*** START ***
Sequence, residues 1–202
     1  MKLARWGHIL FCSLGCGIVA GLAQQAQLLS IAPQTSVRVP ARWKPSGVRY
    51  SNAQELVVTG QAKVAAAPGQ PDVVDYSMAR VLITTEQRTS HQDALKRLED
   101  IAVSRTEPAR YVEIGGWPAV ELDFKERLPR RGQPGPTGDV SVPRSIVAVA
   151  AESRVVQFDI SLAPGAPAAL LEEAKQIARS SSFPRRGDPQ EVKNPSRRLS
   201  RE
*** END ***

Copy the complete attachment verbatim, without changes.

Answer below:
Sequence, residues 1–202
     1  MKLARWGHIL FCSLGCGIVA GLAQQAQLLS IAPQTSVRVP ARWKPSGVRY
    51  SNAQELVVTG QAKVAAAPGQ PDVVDYSMAR VLITTEQRTS HQDALKRLED
   101  IAVSRTEPAR YVEIGGWPAV ELDFKERLPR RGQPGPTGDV SVPRSIVAVA
   151  AESRVVQFDI SLAPGAPAAL LEEAKQIARS SSFPRRGDPQ EVKNPSRRLS
   201  RE